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Today's Stichomancy for Rebecca Romijn

The first excerpt represents the element of Air. It speaks of mental influences and the process of thought, and is drawn from The Market-Place by Harold Frederic:

had this to do with Thorpe? Why should it even be supposed that Gafferson associated Thorpe with any phase of the business? And if he had any notion of a hostile movement, why should he have delayed action so long? Why indeed!

Reassurance did not come to him, but at last an impulse to definite action turned his footsteps toward the cluster of greenhouses in the deepening shadow of the mansion. He would find Gafferson, and probe this business to the uttermost. If there was discoverable in the man's manner or glance the least evidence of a malevolent intention--he would know what to do. Ah, what was it


The Market-Place
The second excerpt represents the element of Fire. It speaks of emotional influences and base passions, and is drawn from Anabasis by Xenophon:

take the throne from Artaxerxes, and the ensuing return of the Greeks, in which Xenophon played a leading role. This occurred between 401 B.C. and March 399 B.C.

PREPARER'S NOTE

This was typed from Dakyns' series, "The Works of Xenophon," a four-volume set. The complete list of Xenophon's works (though there is doubt about some of these) is:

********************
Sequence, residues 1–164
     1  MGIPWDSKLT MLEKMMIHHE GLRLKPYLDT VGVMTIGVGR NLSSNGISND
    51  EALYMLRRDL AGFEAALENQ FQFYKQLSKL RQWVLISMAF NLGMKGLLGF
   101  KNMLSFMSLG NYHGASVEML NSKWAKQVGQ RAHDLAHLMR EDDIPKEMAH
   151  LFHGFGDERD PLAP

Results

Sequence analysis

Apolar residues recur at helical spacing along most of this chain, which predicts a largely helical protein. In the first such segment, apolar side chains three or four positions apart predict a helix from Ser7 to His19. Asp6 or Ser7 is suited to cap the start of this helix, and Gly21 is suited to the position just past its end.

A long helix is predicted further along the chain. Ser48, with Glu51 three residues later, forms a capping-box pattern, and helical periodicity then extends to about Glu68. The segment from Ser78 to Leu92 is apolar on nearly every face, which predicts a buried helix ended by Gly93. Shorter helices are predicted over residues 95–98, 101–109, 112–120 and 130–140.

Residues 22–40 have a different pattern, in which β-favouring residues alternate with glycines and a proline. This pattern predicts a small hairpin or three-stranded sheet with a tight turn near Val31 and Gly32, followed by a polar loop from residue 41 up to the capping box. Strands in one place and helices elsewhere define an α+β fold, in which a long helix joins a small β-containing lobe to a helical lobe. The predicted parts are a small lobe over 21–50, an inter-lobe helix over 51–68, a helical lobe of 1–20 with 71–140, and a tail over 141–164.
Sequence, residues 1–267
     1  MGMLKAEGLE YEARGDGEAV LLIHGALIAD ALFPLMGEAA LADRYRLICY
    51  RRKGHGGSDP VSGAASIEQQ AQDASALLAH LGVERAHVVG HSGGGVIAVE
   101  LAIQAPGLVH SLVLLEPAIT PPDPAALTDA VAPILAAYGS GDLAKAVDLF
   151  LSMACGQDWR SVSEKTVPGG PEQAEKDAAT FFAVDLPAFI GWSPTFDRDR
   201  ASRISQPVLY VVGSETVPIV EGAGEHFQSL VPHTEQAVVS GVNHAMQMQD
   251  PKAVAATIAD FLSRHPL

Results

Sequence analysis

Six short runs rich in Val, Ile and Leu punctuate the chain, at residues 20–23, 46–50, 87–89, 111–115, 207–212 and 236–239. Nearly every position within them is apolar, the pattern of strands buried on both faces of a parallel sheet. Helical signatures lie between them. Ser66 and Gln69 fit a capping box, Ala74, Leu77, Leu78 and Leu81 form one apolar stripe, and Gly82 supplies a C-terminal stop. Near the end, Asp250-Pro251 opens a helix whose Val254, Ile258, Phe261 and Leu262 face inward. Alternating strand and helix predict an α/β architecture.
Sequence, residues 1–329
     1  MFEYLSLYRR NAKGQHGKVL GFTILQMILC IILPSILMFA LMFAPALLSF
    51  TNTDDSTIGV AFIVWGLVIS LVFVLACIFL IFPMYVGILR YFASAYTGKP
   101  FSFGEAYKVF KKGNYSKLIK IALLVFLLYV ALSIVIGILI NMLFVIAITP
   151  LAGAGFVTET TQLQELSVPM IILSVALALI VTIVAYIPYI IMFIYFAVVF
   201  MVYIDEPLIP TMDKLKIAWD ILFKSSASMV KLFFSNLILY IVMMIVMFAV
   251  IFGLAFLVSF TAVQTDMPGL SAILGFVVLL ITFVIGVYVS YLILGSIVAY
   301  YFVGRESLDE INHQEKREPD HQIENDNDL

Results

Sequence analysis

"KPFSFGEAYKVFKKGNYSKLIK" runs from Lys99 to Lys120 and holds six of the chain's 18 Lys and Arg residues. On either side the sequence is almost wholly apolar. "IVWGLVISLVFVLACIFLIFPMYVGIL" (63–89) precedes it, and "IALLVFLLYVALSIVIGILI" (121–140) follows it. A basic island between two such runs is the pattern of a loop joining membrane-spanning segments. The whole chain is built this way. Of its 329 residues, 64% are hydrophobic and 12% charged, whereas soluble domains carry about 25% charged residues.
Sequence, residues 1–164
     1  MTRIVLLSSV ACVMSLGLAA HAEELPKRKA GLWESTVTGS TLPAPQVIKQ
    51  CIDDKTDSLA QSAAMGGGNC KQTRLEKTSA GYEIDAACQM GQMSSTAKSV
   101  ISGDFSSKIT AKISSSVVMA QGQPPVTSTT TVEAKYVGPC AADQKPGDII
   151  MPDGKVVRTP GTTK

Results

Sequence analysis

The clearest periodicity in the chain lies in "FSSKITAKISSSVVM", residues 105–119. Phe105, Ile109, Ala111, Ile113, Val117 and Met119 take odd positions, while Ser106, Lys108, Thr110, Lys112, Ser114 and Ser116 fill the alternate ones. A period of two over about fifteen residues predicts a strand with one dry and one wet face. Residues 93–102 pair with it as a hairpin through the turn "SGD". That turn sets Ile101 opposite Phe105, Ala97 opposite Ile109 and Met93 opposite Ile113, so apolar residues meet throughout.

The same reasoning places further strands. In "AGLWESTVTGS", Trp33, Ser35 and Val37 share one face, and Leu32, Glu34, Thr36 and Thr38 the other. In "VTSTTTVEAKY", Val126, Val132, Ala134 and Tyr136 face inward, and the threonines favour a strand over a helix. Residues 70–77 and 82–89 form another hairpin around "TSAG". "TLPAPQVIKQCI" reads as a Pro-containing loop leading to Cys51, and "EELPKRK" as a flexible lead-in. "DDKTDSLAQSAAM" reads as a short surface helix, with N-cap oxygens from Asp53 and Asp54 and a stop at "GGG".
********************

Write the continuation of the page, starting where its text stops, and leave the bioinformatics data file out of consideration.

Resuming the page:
Work Number of books

The Anabasis 7 The Hellenica 7


Anabasis
The third excerpt represents the element of Water. It speaks of pure spiritual influences and feelings of love, and is drawn from Tales of the Klondyke by Jack London:

"Behold! A woman!" Sturges Owen had been brought before the half-breed.

Beyond a scratch on the arm, he was uninjured, but his eyes roved about him in an ecstasy of fear. The heroic figure of the blasphemer, bristling with wounds and arrows, leaning defiantly upon his axe, indifferent, indomitable, superb, caught his wavering vision. And he felt a great envy of the man who could go down serenely to the dark gates of death. Surely Christ, and not he, Sturges Owen, had been moulded in such manner. And why not he? He felt dimly the curse of ancestry, the feebleness of spirit which had come down to him out of the past, and he felt an anger

The fourth excerpt represents the element of Earth. It speaks of physical influences and the impact of the unseen on the visible world, and is drawn from On Horsemanship by Xenophon:

stands being mounted. Many horses are extremely loath to admit the approach of anything which, if once accepted, clearly means to them enforced exertion.

[4] {koruphaia}, part of the {khalinos} gear.

Another point to ascertain is whether the horse, when mounted, can be induced to leave other horses, or when being ridden past a group of horses standing, will not bolt off to join the company. Some horses again, as the result of bad training, will run away from the exercising-ground and make for the stable. A hard mouth may be detected by the exercise called the {pede} or volte,[5] and still more so by varying the direction of the volte to right or left. Many horses


On Horsemanship